Key Components of an Effective Compliance Program
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Paul R. Bedard, Esquire
Policies and procedures, including but not limited to those prohibiting sexual harassment and discrimination, or those detailing how to respond to sudden emergencies or handle issues of confidentiality, are ultimately useless if they cannot be consistently complied with. Whatever the policy or procedure, an effective compliance program will help to ensure that theory translates into practice.
An effective compliance program requires clearly articulated written policies and procedures, designated oversight, ongoing education and training, internal auditing and monitoring, reporting mechanisms, active enforcement and discipline and demonstrated response and prevention. This piece is intended to provide an overview of these components. However, this article is not intended as legal advice. Widely varying business needs and legal requirements prohibit one-size-fits-all recommendations. Please consider these comments as merely an educational guide to assist you when you consult your own attorney or compliance professional for specific direction.
Written Policies and Procedures
Written policies and procedures must be developed and clearly communicated across the organization. This will help shape your company's culture by establishing the values of the organization and by defining expectations as they relate to employee behavior. An employee code of conduct can be coupled with your employee handbook, the latter of which I've talked about in detail in past editions of Club Insider, as an effective compliance tool for widely communicating company values and employee expectations. The employee code of conduct cannot contradict the employee handbook or any other company publication and should be distributed to all employees and be publicly available on your organization's website.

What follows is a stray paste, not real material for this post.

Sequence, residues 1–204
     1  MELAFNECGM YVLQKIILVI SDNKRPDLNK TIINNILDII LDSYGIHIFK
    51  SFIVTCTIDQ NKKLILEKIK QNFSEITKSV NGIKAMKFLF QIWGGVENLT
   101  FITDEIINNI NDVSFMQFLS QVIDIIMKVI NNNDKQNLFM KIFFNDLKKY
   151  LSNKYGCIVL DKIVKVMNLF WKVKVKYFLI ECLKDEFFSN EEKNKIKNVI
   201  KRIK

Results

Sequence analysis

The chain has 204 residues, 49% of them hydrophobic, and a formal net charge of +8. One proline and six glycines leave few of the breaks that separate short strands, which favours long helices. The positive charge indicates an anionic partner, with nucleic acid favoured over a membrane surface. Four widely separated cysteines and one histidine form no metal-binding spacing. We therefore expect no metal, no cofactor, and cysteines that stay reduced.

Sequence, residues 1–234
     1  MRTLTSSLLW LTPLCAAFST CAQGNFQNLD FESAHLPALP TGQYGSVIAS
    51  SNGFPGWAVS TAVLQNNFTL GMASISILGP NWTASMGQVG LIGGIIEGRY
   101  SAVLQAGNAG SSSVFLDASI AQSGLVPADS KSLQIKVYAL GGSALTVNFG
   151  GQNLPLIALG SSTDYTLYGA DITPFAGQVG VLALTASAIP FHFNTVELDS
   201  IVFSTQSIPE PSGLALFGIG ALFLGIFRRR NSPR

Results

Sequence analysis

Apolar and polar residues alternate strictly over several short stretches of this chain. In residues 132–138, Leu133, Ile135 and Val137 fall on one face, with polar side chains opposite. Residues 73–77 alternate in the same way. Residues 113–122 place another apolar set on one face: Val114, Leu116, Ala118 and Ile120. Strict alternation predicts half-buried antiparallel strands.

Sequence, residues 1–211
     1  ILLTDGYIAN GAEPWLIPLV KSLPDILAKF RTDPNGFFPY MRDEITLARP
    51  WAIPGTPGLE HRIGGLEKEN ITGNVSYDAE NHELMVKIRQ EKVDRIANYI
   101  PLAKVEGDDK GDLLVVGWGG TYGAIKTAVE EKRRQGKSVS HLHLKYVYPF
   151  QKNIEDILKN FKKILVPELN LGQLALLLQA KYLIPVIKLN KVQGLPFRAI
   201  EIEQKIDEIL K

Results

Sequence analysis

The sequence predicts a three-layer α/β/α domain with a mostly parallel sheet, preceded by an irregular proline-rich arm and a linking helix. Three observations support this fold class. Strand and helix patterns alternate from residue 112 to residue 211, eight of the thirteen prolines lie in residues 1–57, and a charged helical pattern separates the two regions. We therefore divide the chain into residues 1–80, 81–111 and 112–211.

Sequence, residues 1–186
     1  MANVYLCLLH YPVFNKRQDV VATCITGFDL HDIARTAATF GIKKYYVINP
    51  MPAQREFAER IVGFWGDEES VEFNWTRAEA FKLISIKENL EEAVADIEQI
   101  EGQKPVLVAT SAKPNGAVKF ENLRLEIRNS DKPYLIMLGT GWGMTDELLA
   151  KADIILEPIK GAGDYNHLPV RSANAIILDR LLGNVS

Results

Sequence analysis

The code of conduct, like the employee handbook, should demonstrate a tone of compliance from the top of the organization. It should also be readable and expressed in terms easily understood by the target audience. Your employee code of conduct may include prohibitions on discrimination, harassment, smoking, foul language, illegal activities or any prohibited behaviors. It may also detail expectations for confidentiality, dress and appearance requirements or any other organizational expectations. As is the case with the employee handbook, the employee code of conduct should be signed by the receiving employee and kept within the employee's personnel file.
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